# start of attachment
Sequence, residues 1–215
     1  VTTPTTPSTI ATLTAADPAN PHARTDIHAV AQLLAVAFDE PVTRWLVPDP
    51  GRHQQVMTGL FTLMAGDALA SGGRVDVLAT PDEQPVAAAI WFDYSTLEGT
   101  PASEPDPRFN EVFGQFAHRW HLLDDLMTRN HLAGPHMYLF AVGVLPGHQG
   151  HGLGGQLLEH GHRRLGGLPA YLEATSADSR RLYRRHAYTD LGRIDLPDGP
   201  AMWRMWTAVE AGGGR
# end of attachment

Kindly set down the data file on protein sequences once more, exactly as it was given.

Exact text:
Sequence, residues 1–215
     1  VTTPTTPSTI ATLTAADPAN PHARTDIHAV AQLLAVAFDE PVTRWLVPDP
    51  GRHQQVMTGL FTLMAGDALA SGGRVDVLAT PDEQPVAAAI WFDYSTLEGT
   101  PASEPDPRFN EVFGQFAHRW HLLDDLMTRN HLAGPHMYLF AVGVLPGHQG
   151  HGLGGQLLEH GHRRLGGLPA YLEATSADSR RLYRRHAYTD LGRIDLPDGP
   201  AMWRMWTAVE AGGGR